New urban and electronic music degree to drop in fall of 2019

The College of Music and Fine Arts is launching a new undergraduate degree program in the fall of 2019. The urban and electronic music production program is the first of its kind in the country, encouraging students to develop skills in production and performance while mastering the technology of recording studios that is essential to success in the modern music industry, according to a press release from Loyola.

“The degree stems from the business and technology aspects of music industry studies and takes notes from the performance training students get in the popular and commercial program, but steps into its own with heavier components of study in the recording studio and additional genre-focused coursework,” Kate Duncan, music professor, said about the new major.

Lovell “U-P” Cooper, a New Orleans-based, Grammy-award-winning hip-hop producer and Loyola faculty member, who teaches courses in urban music production and live hip-hop performance in addition to running the recording studios at Loyola, said he believes the new program is important because students need historical context and a deep understanding of the culture, lifestyles and music-making of the hip-hop world to produce urban and electronic music.

Julia Santos, music industry sophomore, said she is excited about a degree program specializing in urban and electronic music.

“U-P is an amazing and accomplished hip-hop producer and I’m excited to see what knowledge he has to bring to the unknown side of the music industry,” Santos said.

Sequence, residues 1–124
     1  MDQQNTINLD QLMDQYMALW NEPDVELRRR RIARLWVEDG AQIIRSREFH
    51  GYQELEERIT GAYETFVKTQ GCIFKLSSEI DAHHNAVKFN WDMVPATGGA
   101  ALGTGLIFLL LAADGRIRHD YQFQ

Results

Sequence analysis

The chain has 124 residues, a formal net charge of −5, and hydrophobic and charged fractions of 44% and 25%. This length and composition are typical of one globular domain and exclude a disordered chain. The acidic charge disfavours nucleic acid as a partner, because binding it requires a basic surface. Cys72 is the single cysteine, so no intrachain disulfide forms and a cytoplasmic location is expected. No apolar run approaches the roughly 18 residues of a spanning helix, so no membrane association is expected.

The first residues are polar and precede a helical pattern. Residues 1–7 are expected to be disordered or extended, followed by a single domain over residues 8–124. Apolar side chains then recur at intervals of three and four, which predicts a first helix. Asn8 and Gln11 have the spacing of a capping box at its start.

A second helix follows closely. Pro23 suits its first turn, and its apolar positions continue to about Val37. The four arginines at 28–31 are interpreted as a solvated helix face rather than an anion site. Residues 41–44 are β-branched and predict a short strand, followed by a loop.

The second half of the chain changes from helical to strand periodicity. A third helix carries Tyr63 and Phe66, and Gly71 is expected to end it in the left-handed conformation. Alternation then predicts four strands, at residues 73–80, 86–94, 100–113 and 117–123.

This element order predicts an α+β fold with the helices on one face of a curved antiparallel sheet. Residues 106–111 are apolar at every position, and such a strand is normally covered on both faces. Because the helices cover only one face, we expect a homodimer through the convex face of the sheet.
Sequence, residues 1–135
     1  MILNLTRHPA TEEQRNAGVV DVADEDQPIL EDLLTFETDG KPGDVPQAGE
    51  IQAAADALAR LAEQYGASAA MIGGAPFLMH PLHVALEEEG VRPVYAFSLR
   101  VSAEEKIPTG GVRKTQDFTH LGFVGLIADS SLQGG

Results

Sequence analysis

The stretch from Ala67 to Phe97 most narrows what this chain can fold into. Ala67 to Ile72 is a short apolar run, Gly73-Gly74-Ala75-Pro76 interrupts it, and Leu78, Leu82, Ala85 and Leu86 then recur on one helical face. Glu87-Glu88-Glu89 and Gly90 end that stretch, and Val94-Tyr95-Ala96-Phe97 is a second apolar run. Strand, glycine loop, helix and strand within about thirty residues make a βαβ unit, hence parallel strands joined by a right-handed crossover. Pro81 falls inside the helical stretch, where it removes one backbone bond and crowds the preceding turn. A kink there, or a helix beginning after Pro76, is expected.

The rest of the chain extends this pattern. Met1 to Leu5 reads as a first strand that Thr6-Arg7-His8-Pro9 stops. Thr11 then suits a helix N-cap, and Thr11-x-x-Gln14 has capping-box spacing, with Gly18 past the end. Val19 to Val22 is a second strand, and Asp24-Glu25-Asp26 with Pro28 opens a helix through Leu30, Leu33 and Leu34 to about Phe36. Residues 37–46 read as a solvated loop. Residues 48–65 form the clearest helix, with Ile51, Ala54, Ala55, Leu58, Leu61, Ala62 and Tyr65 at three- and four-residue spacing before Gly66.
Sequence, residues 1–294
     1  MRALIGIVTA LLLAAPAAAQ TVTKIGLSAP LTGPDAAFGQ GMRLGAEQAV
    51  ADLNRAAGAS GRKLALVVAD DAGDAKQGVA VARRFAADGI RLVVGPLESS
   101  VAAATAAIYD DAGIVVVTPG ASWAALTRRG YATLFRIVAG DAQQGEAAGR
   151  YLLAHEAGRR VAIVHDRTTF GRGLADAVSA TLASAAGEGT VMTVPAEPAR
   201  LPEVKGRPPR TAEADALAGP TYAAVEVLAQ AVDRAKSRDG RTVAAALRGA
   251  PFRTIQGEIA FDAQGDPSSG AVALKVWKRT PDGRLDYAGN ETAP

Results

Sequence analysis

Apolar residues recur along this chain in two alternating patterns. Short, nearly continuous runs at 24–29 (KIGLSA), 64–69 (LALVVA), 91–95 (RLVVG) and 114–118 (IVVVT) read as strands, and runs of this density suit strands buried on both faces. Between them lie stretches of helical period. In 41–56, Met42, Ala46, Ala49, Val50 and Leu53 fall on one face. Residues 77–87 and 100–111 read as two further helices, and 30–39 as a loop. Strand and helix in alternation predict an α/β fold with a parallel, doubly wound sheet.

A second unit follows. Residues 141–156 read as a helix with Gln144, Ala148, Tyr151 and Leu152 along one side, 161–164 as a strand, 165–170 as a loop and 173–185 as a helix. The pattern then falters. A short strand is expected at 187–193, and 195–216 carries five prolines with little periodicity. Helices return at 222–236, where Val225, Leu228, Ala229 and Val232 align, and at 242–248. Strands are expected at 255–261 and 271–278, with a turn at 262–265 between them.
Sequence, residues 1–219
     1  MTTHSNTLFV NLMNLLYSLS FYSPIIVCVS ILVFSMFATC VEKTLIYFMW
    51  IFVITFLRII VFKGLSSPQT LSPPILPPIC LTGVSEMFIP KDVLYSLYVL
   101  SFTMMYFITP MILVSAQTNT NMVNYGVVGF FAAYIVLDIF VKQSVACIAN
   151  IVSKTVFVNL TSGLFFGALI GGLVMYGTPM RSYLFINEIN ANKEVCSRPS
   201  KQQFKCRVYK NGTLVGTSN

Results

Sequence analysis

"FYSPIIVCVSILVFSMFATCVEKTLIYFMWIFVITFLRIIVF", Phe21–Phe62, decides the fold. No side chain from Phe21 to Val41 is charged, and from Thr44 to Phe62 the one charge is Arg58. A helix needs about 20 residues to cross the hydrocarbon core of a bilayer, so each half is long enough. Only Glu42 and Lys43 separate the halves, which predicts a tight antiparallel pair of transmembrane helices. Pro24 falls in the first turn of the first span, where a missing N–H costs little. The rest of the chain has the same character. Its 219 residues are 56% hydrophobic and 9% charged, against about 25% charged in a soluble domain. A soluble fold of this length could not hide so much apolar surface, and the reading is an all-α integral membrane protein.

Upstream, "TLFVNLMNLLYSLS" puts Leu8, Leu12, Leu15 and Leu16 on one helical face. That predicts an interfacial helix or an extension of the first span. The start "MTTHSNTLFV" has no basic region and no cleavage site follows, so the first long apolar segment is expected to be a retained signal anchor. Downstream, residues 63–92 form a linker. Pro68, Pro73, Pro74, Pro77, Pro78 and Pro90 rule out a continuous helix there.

Randon Ladner, popular and commercial music freshman, said he cannot wait to discover what the new program will bring to his Loyola experience.

“This should build more attraction for the school itself,” Ladner said. “And I’m looking forward to seeing what opportunities that will, in turn, present for me as a guitarist seeking collaborative experience.”

While Loyola’s music industry program has developed a national reputation as a cultivator of upcoming hip-hop talent, the urban and electronic music production program will have the focus in urban music that music programs around the country lack.

“It’s been 45 years since the birth of hip-hop, so it’s exciting to finally see academia focusing on the genres at the forefront of modern American pop,” Cooper said

“This should build more attraction for the school itself,” says Popular in Commercial Music freshman Randon Ladner, “ and I’m looking forward to seeing what opportunities that will, in turn, present for me as a guitarist seeking collaborative experience.”

The program offers two tracks, one based on production, the other on performance. Students will master music production software, learn the intricacies of the studio, and develop a critical ear, in addition to studying side by side with professional rappers, singers and producers.

John Snyder, the chair of the Department of Film and Music Industry Studies, stresses the importance of music and creation in our country.

“The economy of the imagination is a real thing,” he says, “ almost one-third of the GDP of this country flows from the monetization of intellectual property. It creates jobs, commerce, and culture.”

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